Maas' route to the Seres.
The ' Valley of the
Position of the ' Stone Tower.'
64 HISTORICAL NOTICES OF KASHGAR [Chap. III
According to Ptolemy's express statement, Marinus gathered his geographical data about the land of the Seres from the account given by Maës, a Macedonian merchant ' called also Titianus ', who had sent agents into the country. The route of these agents, which we may safely assume to have been a caravan road in frequent use for the silk-trade from China into the Parthian Empire, led from Hierapolis on the Euphrates through Hekatompylos, Areia, and Margiana (Merv) to Baktra. From there the route passed first northward to the mountain district of the Komedi, and then along it to the south-east ' as far as the ravine that opens into the plain country '. In this ravine the traveller had to ascend for 5o schoeni northward when ' he arrives at the Stone Tower, after which the mountains recede to the east and unite with Imaus, the range that runs up to the north from Palimbothra'.12 Another passage of Ptolemy places to the east of the Stone Tower, and in the axis of Mount Imaus itself, the station or Sarai (ôpµijTljpwov) whence traders start on their journey to Sera '.13
It is the joint merit of Sir H. Yule and Sir H. Rawlinson to have demonstrated beyond all doubt the identity of the mountain tract of the Komedi with the Chü-mi-t`o of Hsüan-tsang on the one hand and the 'land of the Kumédh' of early Muhammadan writers on the other". It thus became possible to locate with certainty ' the valley of the Komedi ' in the mountains which divide the Wakhshâb river and the adjacent alpine tracts of Karategin from the course of the Oxus. From Karategin a direct and comparatively easy line of communication leads along the Wakhshab up to the rich grazing grounds of the wide Alai plateau. Ascending the latter to its eastern end, it then crosses the watershed range between the Oxus and the Tarim at its lowest point, the Taun-murun Pass 16 ; and a short distance below, near the headwaters of the Kashgar river, it joins the great route which connects Kashgar with Farghana over the Terek Dawân.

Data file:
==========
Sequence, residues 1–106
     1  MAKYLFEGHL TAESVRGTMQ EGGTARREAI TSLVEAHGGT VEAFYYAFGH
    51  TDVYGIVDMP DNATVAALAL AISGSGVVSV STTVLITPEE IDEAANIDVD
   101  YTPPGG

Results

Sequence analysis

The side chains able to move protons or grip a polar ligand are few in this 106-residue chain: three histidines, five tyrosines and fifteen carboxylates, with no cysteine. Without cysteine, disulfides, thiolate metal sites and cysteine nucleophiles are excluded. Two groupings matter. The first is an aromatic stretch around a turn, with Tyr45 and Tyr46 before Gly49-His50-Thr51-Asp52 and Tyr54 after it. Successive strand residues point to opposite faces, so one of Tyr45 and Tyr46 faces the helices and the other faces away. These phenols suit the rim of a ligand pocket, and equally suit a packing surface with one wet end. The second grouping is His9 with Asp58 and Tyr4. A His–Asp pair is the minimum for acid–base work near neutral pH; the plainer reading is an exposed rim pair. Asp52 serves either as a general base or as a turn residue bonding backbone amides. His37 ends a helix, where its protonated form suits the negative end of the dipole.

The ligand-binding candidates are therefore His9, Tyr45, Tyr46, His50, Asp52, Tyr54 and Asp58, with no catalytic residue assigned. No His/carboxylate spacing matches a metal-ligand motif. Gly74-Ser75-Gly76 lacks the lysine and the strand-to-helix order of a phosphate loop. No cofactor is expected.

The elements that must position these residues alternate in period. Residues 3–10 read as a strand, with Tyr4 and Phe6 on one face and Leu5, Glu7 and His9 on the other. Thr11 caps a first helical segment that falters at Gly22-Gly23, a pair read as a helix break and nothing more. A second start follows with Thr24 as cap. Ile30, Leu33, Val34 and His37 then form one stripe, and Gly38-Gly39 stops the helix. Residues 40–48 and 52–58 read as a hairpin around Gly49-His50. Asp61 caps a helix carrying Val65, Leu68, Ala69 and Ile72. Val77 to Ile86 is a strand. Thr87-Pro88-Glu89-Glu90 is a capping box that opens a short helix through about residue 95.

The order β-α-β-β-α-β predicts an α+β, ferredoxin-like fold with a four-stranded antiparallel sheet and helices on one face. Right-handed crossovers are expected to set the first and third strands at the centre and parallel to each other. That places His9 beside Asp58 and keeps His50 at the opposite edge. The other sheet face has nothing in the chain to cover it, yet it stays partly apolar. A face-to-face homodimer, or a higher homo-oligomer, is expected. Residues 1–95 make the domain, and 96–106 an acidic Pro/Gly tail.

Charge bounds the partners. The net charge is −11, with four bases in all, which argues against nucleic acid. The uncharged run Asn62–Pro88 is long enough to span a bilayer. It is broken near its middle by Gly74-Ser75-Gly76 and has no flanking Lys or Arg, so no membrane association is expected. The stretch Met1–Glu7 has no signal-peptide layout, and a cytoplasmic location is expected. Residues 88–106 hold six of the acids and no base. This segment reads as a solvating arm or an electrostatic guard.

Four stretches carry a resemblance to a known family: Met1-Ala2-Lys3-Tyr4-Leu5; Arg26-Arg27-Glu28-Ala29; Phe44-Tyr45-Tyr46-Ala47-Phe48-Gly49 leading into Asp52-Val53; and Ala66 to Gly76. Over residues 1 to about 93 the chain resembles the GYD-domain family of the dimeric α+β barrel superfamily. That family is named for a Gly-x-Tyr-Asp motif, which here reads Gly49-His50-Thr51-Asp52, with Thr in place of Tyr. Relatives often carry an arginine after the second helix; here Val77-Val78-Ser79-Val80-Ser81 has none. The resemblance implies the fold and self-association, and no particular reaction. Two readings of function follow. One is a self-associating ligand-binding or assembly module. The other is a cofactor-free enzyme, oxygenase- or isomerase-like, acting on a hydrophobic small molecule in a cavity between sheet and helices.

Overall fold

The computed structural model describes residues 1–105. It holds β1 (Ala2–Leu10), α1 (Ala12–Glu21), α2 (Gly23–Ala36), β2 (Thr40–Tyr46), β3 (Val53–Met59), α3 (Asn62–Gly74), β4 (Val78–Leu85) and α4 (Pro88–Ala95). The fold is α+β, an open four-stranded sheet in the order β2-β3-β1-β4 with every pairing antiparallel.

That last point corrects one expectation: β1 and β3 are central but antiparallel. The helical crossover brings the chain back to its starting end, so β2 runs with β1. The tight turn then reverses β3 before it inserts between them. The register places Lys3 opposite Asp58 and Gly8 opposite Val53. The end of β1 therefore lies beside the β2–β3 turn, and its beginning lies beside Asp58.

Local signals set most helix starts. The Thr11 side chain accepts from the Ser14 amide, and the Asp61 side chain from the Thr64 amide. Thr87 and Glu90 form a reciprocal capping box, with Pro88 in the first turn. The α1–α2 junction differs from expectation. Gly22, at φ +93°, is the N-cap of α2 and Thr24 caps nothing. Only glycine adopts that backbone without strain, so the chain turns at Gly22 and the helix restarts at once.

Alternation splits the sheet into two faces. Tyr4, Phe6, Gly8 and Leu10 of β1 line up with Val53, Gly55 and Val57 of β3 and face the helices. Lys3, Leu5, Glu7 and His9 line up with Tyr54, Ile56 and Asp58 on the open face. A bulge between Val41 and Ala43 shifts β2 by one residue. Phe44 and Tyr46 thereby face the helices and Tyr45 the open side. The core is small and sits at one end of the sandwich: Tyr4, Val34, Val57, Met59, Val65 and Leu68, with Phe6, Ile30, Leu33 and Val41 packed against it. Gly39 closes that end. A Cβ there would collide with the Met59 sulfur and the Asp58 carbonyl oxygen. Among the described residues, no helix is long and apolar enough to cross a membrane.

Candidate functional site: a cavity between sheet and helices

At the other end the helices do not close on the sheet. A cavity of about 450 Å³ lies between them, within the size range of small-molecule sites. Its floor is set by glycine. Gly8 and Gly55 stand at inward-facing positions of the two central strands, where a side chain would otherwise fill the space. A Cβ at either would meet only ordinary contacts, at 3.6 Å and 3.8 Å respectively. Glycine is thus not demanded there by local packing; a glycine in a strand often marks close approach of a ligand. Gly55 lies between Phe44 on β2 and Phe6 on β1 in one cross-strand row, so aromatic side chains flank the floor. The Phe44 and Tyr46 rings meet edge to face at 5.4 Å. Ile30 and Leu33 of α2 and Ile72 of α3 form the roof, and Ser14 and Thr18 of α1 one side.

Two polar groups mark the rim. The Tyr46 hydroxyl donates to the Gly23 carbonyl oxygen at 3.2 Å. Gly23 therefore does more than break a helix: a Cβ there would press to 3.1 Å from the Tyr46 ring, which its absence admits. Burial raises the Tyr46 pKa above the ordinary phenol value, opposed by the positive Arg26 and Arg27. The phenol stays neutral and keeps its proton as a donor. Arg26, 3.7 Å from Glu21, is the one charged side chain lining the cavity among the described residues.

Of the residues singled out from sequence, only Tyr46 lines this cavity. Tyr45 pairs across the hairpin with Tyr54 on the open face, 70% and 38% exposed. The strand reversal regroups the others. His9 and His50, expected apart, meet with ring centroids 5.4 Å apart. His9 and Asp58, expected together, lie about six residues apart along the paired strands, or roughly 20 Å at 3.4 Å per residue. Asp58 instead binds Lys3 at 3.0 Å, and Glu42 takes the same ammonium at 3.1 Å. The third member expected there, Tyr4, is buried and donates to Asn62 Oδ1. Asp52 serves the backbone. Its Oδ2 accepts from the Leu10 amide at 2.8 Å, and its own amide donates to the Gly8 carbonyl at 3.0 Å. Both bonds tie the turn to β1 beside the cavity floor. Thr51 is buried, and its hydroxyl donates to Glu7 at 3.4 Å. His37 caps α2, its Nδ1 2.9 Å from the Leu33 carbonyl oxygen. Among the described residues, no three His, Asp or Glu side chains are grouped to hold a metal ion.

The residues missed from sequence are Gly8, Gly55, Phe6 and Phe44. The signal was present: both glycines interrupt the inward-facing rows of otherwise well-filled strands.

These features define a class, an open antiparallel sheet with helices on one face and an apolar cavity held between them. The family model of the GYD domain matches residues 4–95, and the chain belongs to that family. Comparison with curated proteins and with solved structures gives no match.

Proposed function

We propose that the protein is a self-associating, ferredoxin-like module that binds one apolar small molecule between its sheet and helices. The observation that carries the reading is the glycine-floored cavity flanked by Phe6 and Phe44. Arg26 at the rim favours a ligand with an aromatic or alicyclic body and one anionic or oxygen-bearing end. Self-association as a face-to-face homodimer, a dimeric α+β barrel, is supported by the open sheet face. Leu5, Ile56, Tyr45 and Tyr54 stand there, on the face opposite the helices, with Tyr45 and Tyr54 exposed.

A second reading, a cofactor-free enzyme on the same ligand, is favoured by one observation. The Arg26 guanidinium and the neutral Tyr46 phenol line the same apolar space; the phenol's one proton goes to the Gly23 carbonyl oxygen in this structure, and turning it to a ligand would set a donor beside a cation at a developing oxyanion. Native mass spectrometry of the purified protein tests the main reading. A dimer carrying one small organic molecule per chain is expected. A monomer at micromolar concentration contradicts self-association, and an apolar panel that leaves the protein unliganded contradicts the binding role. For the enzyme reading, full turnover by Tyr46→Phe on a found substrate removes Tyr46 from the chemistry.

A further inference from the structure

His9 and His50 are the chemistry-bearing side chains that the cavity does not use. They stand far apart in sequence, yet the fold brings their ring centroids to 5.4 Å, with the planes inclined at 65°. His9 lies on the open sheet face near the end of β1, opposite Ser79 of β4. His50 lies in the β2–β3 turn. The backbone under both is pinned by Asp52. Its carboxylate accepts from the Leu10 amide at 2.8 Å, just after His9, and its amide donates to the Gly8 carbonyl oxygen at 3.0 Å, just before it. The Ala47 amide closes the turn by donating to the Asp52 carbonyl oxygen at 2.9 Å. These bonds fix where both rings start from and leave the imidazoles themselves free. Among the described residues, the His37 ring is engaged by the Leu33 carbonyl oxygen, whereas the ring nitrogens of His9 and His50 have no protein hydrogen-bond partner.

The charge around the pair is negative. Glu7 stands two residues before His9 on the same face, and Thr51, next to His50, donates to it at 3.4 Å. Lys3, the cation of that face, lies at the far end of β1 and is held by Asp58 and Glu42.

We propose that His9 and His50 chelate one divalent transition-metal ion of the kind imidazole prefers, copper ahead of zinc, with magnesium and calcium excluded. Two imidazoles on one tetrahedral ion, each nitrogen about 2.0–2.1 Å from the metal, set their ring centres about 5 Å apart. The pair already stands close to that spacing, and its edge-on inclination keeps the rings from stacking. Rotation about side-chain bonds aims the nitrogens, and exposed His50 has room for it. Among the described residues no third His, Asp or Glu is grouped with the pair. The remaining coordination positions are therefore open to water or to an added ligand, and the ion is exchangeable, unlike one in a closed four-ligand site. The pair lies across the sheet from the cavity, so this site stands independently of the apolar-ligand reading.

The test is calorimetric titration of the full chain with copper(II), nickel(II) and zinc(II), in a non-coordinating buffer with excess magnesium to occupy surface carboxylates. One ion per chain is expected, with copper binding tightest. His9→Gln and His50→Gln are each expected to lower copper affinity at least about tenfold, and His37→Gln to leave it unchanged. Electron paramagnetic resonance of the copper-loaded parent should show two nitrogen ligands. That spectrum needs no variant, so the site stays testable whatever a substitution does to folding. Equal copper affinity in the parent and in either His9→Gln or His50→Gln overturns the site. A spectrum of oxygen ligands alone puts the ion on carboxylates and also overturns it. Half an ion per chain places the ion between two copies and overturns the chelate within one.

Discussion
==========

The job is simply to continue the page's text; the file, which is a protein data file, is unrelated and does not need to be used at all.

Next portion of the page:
Baron Richthofen, by a series of convincing arguments, has proved how closely the description of the road followed by Maës' agents agrees with the route just indicated 16. An exact location of the famous ' Stone Tower ' (X(etvos irvpyos) is not possible at present, and can be hoped for only from antiquarian investigations effected on the spot 17. In regard, however, to the
" See Ptolemy, Geographia, I. cap. xii. 7 sqq. By Imaus is meant the watershed range between the Oxus and the Tarim ; compare Richthofen, China, i. p. 484.
'$ Ptolemy, Geogr. VI. cap. xiii. r. It deserves to be noted that the traders' station is placed due east of the Stone Tower ', Lat. 43° being indicated for both.
" See Yule, in J.R.A.S., 1873, pp. 97 sq. ; for other references compare Richthofen, China, L p. 497, note. The connexion between the Komedi of Ptolemy and Chef-mi-fo of Hsüan-tsang had first suggested itself to SirA. Cunningham; but as in the case of numerous other conjectural identifications, which in the end proved equally happy, he was not able to support it by critical evidence or to locate the territory. On the other hand, the discussion of the Ptolemy passage in Cathay, i. p. cxlix, is still of value, as showing how Sir H. Yule, by a chain of sound critical reasoning, had been led to Karategin as the probable position of the Komedi, even before information became available as to the survival of the local name into Muhammadan times.
" This is the form in which I heard the name pronounced on the spot ; General Kuropatkin writes ' Toongoobooroon,' see Kashgaria, translated by Major W. E. Gowan (Calcutta, î882), p. 31. In the Russian Survey Maps the
spelling Taun-murun seems to have been adopted.
'e See China, i. pp. 496 sqq.
17 The question as to the position of the ' Stone Tower' had been discussed at length by a number of distinguished scholars, from Humboldt to Sir H. Rawlinson, before the identification of the mountains of the Komedi supplied a definite clue to the direction of Maës' route. For a synopsis of these conjectured locations, which range from Tâshkend in the north-west to Tash-kurghân in the south-east, see Richthofen, China, i. p. 498, and McCrindle, Ancient India as described by Ptolemy (Bombay, 1885), p. 12.
I avail mysélf of this opportunity to correct the error into which I fell by accepting Sir H. Rawlinson's identification of the altcvos irvpyos with Tash-kurghân, in my Preliminary Report, p. 12, and also in Ruins of Khotan, p. 71. When writing the original diary notes on which both the above records of my journey are based, my scope for reference on the subject was restricted to Dr. McCrindle's above-quoted publication on Ptolemy, in the copious notes of which the well-established identification of the Komedi has unfortunately remained unnoticed.
The more recent conjectures concerning the position of the Stone Tower,' which Dr. Marquart quotes in his Érânlahr,